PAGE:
Creamer said she tried at one point selling products from Melaleuca, the Idaho-based home and body products company. But she didn’t like what she sensed was a high-pressure selling model. Unlike with Arbonne and Rodan + Fields, once you sign up with Melaleuca, you’re forced to spend a certain amount of money every month, whether you want to or not. Your credit card is automatically charged. (Note: Rodan + Fields offers new consultants four initial packages to choose from, priced at $45, $395, $695 and $995.)

Krista Demcher, a direct sales stylist for Stella & Dot, presents her latest accessories at her home.

One difference between skin care companies and clothing/accessories companies is that the former make claims that the latter obviously don’t. You either like a necklace or you don’t. It’s not going
to do anything for your physiology.

Skin care companies, or “health and wellness” companies, as they prefer to be called, make all kinds of claims about their products and how they’ll transform your skin—or, in the case of Arbonne’s nutritional supplements—possibly your health and longevity.

“Pure,” “natural,” “green,” “plant-based” and “organic” are buzzwords here just as they are elsewhere in retail. The evils are said to be petrolatum, mineral oil, parabens, preservatives, synthetics.

But poison mushrooms are natural. That doesn’t mean they’re safe. And lots of plant-derived oils and fragrances can be irritating to the skin. Just because they’re “botanically based” doesn’t mean they’re soothing. Carol de Neufville, one of the women at the Arbonne party, learned this long ago. She says she has sensitive skin and has to be careful what she puts on it. When she sampled some of the Arbonne products, she got that familiar, stinging sensation she’s felt so many times before.

Steven Fletcher, an assistant professor at the University of Maryland School of Pharmacy, cautions that “natural” doesn’t necessarily mean “better.” Take salicylic acid, for example, an exfoliating agent contained in many products by skin care companies, including Arbonne and Rodan + Fields. It’s derived from willow bark (as is aspirin).

“Salicylic acid is a chemical compound,” says Fletcher. “Whether it’s taken from a plant or made in a laboratory, it’s still the same chemical compound, exhibiting the same chemical structure. If the natural compound is safe, then it stands to reason that the synthetic version, provided it’s synthesized and purified carefully, will also be safe.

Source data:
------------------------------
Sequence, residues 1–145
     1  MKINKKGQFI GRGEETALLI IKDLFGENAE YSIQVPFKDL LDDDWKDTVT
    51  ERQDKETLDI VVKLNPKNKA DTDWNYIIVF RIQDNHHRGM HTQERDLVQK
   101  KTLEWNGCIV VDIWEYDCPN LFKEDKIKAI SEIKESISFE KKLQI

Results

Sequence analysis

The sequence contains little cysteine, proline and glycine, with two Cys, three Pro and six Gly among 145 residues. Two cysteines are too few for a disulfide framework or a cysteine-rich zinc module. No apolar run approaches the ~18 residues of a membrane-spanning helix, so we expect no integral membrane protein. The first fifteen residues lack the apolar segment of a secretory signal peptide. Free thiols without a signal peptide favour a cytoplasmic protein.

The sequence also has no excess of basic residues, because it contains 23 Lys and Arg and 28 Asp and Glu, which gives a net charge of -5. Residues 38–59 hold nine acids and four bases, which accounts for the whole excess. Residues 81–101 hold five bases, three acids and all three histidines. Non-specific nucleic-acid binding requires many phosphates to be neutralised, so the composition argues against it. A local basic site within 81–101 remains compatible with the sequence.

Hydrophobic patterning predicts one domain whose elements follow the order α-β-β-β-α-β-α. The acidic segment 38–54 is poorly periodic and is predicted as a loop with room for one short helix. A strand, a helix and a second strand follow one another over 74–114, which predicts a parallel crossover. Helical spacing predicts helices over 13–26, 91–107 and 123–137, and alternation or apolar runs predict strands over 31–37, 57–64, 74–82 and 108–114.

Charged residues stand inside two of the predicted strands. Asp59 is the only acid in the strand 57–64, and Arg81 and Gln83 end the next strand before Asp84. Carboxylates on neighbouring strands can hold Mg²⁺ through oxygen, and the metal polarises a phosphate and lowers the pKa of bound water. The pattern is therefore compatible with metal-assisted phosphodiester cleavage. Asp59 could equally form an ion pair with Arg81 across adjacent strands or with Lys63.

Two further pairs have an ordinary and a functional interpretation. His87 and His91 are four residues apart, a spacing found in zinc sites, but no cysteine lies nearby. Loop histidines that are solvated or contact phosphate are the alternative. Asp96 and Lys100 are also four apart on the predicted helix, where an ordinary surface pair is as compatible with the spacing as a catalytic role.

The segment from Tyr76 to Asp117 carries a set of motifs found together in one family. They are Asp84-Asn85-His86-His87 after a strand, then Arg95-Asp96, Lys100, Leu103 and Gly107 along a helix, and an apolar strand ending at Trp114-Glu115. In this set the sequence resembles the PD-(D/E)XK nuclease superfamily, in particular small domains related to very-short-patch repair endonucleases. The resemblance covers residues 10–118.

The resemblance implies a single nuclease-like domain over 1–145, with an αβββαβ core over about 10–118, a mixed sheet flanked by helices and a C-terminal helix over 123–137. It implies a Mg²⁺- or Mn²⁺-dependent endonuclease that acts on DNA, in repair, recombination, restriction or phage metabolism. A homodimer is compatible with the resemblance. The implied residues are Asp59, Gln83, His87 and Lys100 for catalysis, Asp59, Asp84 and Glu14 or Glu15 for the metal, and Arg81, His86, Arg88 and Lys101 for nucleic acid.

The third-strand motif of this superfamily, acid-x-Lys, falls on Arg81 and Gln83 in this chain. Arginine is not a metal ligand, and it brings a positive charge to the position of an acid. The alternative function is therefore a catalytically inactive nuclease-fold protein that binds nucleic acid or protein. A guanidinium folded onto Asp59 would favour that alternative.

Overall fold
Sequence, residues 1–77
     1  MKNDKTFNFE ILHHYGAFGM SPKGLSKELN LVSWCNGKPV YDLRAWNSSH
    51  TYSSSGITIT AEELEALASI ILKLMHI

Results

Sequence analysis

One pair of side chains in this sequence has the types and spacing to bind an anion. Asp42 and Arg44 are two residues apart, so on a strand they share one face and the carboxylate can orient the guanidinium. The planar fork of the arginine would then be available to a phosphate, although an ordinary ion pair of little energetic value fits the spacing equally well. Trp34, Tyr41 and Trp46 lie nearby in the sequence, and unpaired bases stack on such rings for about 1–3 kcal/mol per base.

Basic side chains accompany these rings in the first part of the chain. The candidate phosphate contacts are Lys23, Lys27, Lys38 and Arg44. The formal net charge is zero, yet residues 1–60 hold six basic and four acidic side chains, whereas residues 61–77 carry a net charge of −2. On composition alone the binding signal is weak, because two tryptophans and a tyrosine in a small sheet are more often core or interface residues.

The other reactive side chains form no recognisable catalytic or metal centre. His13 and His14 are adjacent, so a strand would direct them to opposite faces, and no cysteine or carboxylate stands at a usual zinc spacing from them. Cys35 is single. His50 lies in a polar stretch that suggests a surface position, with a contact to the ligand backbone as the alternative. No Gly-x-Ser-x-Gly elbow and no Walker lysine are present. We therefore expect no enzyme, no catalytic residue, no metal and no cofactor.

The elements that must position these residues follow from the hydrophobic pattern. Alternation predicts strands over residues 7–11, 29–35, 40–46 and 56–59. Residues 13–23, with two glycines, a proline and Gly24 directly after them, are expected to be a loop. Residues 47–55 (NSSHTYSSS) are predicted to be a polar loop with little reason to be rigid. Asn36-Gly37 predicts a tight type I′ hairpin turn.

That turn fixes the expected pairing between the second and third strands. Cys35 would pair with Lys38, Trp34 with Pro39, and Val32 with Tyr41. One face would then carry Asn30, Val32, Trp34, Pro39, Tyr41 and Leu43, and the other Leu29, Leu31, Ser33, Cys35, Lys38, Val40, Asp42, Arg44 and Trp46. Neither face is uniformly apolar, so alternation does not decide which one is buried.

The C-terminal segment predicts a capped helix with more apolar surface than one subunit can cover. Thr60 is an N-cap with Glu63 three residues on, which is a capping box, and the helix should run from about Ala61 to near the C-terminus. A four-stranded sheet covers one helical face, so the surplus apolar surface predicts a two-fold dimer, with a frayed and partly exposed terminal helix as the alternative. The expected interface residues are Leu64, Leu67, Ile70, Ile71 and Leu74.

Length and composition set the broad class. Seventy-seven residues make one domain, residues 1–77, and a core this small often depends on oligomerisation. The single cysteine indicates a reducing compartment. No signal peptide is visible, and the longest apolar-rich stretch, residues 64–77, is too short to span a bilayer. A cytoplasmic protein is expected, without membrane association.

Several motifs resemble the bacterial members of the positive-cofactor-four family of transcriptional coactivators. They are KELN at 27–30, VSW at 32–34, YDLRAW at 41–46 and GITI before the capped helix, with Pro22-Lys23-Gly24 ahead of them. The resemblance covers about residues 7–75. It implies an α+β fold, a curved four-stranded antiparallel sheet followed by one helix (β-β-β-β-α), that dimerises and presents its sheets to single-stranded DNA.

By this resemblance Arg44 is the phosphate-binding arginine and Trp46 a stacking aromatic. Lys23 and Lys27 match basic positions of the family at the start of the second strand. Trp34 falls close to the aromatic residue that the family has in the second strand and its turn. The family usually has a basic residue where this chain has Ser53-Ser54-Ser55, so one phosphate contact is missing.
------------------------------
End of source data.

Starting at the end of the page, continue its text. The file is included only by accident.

Besides, our entire bodies are made of chemicals. Chemicals are the building blocks of life.”

But not the building blocks of multi-level marketing. For that, you need savvy, perseverance, networking skills and an indomitable belief in the products you’re selling.

Rodan + Fields offers “Empty Bottle Guarantee,” meaning it will refund your money—or give you a different product—if you stick with a certain skin care regimen for eight weeks and are dissatisfied. (We didn’t test the policy.) And all the women we interviewed, along with many guests at the Arbonne party we attended, say it’s the results they see that keep them coming back for more moisturizer.

Those products, however, can be expensive—along the lines of high-end department store brands. And anyway, aren’t you afraid of bugging your friends?

“That was a stumbling block at first,” says Arnot. “But you learn how to walk that line. You have to have confidence that what you’re offering is helping someone or changing someone’s life.”

Judging by the statistics, thousands of women agree. The Direct Sales Association indicates that direct sales grew 3.3 percent in 2013, and says the upward trend is continuing. The size of the direct selling sales force increased by 5.7 percent, to 16.8 million people, a record high. Not all those people will stick with it, of course, so the DSA estimates that 15.9 million people are engaged in direct sales in the U.S.

What can’t be quantified is the satisfaction women get from socializing through direct sales.

“That’s a big part of it,” says Oster. “I want to make money, but it’s fun.”